It just stoked the home fires, out-half Benjamin Boyet rewarding his ferocious forwards with fine field position.

Leinster had to fall back on the brilliance of Brian O'Driscoll for two tries, the second turning pending doom into four precious points.     

December 10, 2005: LEINSTER 53 BOURGOIN 7, The RDS. 

December 17, 2005: BOURGOIN 30 LEINSTER 28, Stade Rajon.

Once again, Leinster had put on a show in Dublin to dissect the hapless visitors, Rob Kearney picking up two of their seven tries.

Now, they had been forewarned of the Jekyll and Hyde identities of their hosts and were all set for what was ahead of them.

The common theme of a rocket-fuelled start came to fruition when Bourgoin quickly rattled off seven points.

A vintage Felipe Contepomi performance, producing 16 points came to nothing more than a losing bonus-point when Alexandre Peclier smacked the winning penalty in the 80th minute. 

The excuse of complacency was a non-runner, based on what had happened in 2004.

With the best will in the world, these matches come down to fine margins.

Even through the golden years from 2009 to 2012, Leinster won two, lost two and drew one on their escapades in the Pool.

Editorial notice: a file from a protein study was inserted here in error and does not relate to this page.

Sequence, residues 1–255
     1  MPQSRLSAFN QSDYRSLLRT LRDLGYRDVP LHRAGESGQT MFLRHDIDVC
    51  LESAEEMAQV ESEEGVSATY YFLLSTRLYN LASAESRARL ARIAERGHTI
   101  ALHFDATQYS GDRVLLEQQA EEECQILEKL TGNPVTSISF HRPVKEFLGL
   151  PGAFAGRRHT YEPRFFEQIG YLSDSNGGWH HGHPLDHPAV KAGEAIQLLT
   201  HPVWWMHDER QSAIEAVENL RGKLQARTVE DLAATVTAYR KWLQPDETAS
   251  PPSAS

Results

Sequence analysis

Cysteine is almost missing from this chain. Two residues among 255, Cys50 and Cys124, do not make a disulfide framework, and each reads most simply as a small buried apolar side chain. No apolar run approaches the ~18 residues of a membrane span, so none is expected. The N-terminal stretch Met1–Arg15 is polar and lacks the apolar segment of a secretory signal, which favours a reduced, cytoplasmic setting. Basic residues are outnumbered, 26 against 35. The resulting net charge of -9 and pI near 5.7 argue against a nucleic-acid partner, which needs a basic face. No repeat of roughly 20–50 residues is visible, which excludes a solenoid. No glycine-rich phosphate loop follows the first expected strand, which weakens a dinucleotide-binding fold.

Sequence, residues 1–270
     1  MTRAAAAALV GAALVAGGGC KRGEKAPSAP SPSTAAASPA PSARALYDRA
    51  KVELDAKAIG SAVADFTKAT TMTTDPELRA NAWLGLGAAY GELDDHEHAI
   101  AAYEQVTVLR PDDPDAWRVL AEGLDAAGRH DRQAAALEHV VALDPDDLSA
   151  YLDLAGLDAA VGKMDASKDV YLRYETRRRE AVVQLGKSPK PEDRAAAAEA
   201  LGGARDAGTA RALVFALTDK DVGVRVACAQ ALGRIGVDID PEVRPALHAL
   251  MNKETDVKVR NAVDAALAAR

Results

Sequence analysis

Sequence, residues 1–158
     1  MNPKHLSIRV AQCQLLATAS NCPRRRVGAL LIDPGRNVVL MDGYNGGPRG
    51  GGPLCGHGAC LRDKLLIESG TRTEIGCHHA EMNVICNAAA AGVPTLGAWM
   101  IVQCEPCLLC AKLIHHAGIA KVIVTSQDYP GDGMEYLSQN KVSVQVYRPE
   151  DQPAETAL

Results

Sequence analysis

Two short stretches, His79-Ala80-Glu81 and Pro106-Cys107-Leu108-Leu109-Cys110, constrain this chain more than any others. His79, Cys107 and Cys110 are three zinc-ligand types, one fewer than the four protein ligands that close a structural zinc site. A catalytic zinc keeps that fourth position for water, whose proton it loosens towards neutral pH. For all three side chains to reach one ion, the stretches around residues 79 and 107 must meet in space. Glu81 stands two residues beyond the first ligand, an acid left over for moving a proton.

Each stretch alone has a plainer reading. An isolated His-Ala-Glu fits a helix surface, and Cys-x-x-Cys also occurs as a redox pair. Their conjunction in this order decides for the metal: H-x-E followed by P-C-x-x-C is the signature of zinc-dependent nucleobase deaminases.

October 21, 2018: TOULOUSE 28 LEINSTER 27, Stade Ernest Wallon.

Just last year, Leinster should have known better when they were slow to settle at Stade Ernest Wallon, falling 11 points behind Toulouse in as many minutes.

The French giants, on their way back to European prominence, had the bit between their teeth and had enough left in their legs to strike for a breakaway try by Maxime Medard, the winning points arriving from Thomas Ramos's conversion in the 70th minute. 

It served as a timely reminder, five months after Leinster had matched Toulouse's four European crowns, how they had become the target for others to aim at.     

The majority of the men tasked with going to Lyon were at Stade Wallon last season. 

They know what to expect.


Played 25; Won 8; Lost 15; Drew 2.   

1997/1998: Lost to Toulouse 38-19.

1998/1999: Lost to Stade Francais 56-31; Lost to Begles-Bordeaux 31-10.

1999/2000: Lost to Stade Francais 39-6.

2000/2001: Lost to Biarritz Olympique 30-10. 

2001/2002: Lost to Toulouse 43-7.

2002/2003: Beat Montferrand 23-20.

2003/2004: Lost to Biarritz Olympique 32-21.

2004/2005: Beat Bourgoin 26-23.

2005/2006: Lost to Bourgoin 30-28.

2006/2007: Beat Agen 25-13.

2007/2008: Lost to Toulouse 33-6.

2008/2009: Lost to Castres Olympique 18-15.

2009/2010: Beat Brive 36-13.

2010/2011: Beat Racing Metro 38-22; Lost to Clermont-Auvergne 20-13.

2011/2012: Drew with Montpellier 16-16.

2012/2013: Lost to Clermont-Auvergne 15-12.

2013/2014: Beat Castres Olympique 29-22.

2014/2015: Beat Castres Olympique 21-16.

2015/2016: Lost to Toulon 24-9. 

2016/2017: Lost to Montpellier 22-16; Drew with Castres Olympique 24-24.

2017/2018: Beat Montpellier 23-14.

2018/2019: Lost to Toulouse 29-28.